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Sports
9:56 am
Sun January 12, 2014

The Brawl Over Baseball Hall Of Fame Voting

Originally published on Sun January 12, 2014 11:41 am

Transcript

RACHEL MARTIN, HOST:

This is WEEKEND EDITION from NPR News. I'm Rachel Martin. And it is time for sports.

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MARTIN: The Baseball Hall of Fame's new class of inductees was announced this past week and it caused quite a stir. The biggest controversy may not even be about who got in, but the actual voting. Also in baseball, A-Rod's suspension - the longest ever for doping in baseball history, although it has been reduced. NPR's Mike Pesca joins us to mull all of this over. Good morning.

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Afghanistan
9:14 am
Sun January 12, 2014

The Struggle Against A Newly Resurgent Al-Qaida

Originally published on Sun January 12, 2014 11:41 am

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The Two-Way
9:13 am
Sun January 12, 2014

Sam Berns, Teen Known For His Fight Against 'Aging Disease,' Dies

Sam Berns, 15, who has the very rare premature-aging disease progeria, plays the drums in his high school's marching band.
Courtesy of the Progeria Research Foundation

Originally published on Sun January 12, 2014 11:45 am

Sam Berns, the teen who became nationally known for his fight against a disease that accelerates aging, died on Friday from complications of his disorder.

As our friends at Shots explained back in September, Sam's parents, Leslie Gordon and Scott Berns, were spurred by his illness to find a cure for the disease.

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The Two-Way
8:07 am
Sun January 12, 2014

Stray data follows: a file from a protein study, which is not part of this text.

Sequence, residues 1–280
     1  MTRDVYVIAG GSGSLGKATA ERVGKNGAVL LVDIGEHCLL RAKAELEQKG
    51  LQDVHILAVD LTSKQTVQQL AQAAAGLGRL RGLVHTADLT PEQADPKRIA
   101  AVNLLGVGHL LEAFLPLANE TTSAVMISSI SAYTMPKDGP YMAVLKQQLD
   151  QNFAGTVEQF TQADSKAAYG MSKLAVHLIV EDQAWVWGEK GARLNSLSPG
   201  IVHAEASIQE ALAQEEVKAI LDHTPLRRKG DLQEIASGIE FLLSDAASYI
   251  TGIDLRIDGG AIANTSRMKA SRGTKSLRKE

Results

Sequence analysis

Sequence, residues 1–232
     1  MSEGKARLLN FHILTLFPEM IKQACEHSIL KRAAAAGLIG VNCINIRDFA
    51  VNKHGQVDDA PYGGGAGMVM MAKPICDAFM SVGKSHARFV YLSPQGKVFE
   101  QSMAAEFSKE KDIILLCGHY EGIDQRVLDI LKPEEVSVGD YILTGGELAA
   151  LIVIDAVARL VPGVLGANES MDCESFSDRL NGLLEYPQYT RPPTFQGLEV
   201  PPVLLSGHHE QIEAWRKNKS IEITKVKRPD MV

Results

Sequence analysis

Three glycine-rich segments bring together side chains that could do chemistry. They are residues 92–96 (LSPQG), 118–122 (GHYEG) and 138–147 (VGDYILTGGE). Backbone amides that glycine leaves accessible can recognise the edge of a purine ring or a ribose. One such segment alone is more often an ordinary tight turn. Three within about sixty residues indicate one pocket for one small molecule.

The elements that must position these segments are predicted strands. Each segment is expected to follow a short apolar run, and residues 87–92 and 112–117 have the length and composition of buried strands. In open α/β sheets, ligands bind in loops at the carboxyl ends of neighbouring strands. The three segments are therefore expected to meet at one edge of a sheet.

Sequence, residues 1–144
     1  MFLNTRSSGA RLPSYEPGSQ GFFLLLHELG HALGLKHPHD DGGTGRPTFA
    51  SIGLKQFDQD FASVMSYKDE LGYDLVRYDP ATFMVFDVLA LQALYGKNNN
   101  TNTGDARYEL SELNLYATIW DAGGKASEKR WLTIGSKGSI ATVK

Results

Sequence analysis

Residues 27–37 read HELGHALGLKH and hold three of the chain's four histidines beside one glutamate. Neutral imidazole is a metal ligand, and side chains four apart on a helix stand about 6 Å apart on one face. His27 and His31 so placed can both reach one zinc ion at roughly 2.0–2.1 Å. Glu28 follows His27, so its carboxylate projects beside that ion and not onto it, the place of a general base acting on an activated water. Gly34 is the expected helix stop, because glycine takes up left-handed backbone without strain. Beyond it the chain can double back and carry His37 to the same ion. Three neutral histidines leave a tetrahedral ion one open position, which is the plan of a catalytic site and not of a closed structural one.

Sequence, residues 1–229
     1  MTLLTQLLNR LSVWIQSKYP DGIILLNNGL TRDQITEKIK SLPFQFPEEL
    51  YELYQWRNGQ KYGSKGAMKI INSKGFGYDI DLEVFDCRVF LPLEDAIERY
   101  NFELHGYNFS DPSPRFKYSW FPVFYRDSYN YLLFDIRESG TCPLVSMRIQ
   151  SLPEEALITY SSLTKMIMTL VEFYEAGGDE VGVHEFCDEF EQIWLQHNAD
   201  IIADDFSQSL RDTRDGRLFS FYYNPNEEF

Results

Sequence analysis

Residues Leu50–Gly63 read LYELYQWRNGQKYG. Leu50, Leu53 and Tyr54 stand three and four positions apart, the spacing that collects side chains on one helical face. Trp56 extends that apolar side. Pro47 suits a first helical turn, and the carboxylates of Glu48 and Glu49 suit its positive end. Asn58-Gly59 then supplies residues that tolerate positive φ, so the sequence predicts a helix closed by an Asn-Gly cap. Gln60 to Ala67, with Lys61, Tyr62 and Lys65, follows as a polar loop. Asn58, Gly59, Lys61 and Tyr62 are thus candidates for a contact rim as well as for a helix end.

Israelis Pay Respects To Former Prime Minister Ariel Sharon

Israel's President Shimon Peres stands next the coffin of former Israeli Prime Minister Ariel Sharon at the Knesset in Jerusalem on Sunday.
Bernat Armangue AP

Originally published on Sun January 12, 2014 11:52 am

The body of former Israeli Prime Minister Ariel Sharon was lying in state on Sunday outside the country's parliament.

As Haaretz reports, the Israeli public, as well as top government officials gathered at the Knesset to pay their respects.

Sharon, one of Israel's most iconic figures, died on Saturday after spending eight years in a coma.

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Sunday Puzzle
8:02 am
Sun January 12, 2014

A's On Either End

NPR

Originally published on Sun January 12, 2014 11:41 am

On-air challenge: Every answer is a word that begins and ends with the letter A. You'll be given an anagram of the letters between the A's. For example, given "ern," you would say, "arena."

Last week's challenge: Name something in five letters that's generally pleasant, it's a nice thing to have. Add the letters A and Y, and rearrange the result, keeping the A and Y together as a pair. You'll get the seven-letter word that names an unpleasant version of the five-letter thing. What is it?

Answer: Dream; Daymare